“The Journey of Two Journalists Into Darfur’s Forgotten War,” Nuba Reports | May 5, 2016
THE IMAGES THAT PHOTOJOURNALISTS ADRIANE OHANESIAN AND KLAAS VAN DIJKEN BROUGHT BACK WITH THEM FROM WAR-RAVAGED DARFUR, IN WESTERN SUDAN, ARE MOVING, EYE-OPENING – AND EXCEPTIONALLY RARE.
Darfur, once a household name globally, has fallen out of the international spotlight in recent years – and not because peace has come to the people there. A decade ago journalists had access to the conflict, but today they are banned. Images and video from the time were part of what helped compel the international community to care.
Reporting triggered one of the largest humanitarian responses in the world back in 2004. Now, facing a media blackout despite increasing levels of displaced due to the conflict, international aid is in short supply. Meanwhile, Sudan President Omar al-Bashir remains wanted by the International Criminal Court (ICC) on charges of war crimes, crimes against humanity and genocide in Darfur. And the fighting between rebel and government forces continues, with civilians suffering greatly.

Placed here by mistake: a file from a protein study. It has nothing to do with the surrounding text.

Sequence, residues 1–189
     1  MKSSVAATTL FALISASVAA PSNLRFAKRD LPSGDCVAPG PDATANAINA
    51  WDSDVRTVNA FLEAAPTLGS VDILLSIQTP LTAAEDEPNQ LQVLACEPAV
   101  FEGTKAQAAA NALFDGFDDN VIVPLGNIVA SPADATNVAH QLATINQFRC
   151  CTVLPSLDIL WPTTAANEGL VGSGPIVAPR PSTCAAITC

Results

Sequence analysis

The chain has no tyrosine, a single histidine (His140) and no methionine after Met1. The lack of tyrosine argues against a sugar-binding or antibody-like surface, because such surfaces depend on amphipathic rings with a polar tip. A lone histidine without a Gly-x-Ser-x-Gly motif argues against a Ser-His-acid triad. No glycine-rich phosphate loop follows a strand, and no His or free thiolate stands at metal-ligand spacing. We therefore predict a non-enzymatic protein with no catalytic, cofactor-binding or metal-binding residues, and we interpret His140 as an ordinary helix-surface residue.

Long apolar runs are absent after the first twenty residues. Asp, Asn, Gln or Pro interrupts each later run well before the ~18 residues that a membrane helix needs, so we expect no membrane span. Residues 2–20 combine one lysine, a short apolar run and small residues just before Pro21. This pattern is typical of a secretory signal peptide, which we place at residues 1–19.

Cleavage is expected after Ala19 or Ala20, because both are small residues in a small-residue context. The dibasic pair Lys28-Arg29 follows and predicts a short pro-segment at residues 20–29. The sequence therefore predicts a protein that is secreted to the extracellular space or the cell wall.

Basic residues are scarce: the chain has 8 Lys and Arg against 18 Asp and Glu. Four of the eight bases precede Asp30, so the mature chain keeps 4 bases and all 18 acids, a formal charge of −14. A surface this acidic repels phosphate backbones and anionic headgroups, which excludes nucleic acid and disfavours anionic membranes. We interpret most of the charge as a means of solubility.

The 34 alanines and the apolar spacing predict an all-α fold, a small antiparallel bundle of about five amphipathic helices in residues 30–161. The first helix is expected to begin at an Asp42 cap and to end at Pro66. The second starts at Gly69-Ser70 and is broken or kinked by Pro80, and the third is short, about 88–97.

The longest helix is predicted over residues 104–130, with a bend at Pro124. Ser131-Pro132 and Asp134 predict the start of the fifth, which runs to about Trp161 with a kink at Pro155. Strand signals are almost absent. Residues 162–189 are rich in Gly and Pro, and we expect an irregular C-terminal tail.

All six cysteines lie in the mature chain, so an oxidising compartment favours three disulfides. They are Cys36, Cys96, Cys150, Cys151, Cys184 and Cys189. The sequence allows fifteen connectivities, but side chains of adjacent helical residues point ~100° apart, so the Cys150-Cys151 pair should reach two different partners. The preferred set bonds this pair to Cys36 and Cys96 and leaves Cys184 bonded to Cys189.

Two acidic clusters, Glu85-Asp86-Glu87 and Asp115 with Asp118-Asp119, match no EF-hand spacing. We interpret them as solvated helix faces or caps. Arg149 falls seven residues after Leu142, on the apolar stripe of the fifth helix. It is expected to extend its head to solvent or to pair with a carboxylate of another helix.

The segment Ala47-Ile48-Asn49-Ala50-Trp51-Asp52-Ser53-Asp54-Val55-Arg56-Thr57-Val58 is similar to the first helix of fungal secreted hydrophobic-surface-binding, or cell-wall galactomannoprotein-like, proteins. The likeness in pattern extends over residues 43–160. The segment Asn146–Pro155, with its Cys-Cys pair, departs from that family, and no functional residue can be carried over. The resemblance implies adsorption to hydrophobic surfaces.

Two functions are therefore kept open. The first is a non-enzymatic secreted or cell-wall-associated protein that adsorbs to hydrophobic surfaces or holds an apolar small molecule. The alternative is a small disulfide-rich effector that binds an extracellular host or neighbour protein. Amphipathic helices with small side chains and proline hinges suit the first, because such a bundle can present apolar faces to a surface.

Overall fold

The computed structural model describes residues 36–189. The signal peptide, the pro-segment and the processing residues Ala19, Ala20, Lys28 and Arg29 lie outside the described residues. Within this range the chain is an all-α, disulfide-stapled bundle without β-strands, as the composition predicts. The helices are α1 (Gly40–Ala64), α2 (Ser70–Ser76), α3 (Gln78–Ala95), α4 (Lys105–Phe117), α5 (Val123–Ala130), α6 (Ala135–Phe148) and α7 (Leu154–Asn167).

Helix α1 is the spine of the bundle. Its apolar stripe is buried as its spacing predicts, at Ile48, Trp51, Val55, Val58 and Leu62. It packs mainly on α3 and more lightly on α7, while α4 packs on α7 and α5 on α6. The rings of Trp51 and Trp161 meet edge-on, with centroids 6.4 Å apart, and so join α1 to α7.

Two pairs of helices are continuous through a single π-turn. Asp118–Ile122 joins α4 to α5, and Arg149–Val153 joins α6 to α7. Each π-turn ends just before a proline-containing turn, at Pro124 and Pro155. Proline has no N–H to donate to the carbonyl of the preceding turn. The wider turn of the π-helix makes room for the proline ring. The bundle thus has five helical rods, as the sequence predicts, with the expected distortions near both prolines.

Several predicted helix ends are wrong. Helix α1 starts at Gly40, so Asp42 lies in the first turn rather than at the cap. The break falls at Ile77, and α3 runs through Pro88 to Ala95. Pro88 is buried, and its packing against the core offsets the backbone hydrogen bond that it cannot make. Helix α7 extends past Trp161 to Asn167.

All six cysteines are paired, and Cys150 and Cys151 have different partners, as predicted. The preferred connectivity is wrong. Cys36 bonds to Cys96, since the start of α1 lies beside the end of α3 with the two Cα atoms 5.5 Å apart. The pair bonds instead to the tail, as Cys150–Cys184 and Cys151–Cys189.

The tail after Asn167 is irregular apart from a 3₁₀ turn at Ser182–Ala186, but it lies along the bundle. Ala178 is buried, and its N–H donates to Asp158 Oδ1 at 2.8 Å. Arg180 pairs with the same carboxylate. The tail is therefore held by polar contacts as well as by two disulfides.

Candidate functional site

Ohanesian and van Dijken defied the media ban in 2015, crossing in to the embattled area under the cover of night. They came out with images and video of children living with untreated shrapnel wounds, families sheltering in caves, and rape survivors recounting their horror.
Ohanesian, who recently won a World Press Photo award for one of the images she shot there, said the Darfuris she met would ask, “What’s happening, why hasn’t this stopped?” The questions, she said, seemed “targeted at the entire world.”
“I made promises to people while I was there, telling them that the only thing I could do as a photographer, was that I could promise that I would do everything within in my power to get the information and images out,” Ohanesian told Nuba Reports. “I just hope that that’s happening and people are paying attention.”
On World Press Freedom Day, watch Ohanesian describe how they got in to Darfur – one of the hardest places in the world for journalists to access – and what she saw once inside.
Darfuri refugees in eastern Chad, 2009 (photograph by Mia Farrow)
Shrapnel from a “barrel bomb” dropped indiscriminately on civilian targets in Darfur, as in South Kordofan, Blue Nile, and for decades in South Sudan. Such shrapnel-loaded barrel bombs are dropped by Antonov cargo planes, retrofitted as crude “bombers.” They have no targeting mechanism and fly at very high altitudes to avoid ground fire. They have no militarily useful accuracy, but as weapons of civilian destruction, they are immensely effective.One of countless thousands of victims of Antonov shrapnel-loaded barrel bombs–photograph by Dr. Tom Catena, surgeon at the Mother of Mercy Hospital near Kauda, Nuba Mountains, South Kordofan
Grief, death, loss, and deprivation are the staples of life in Darfur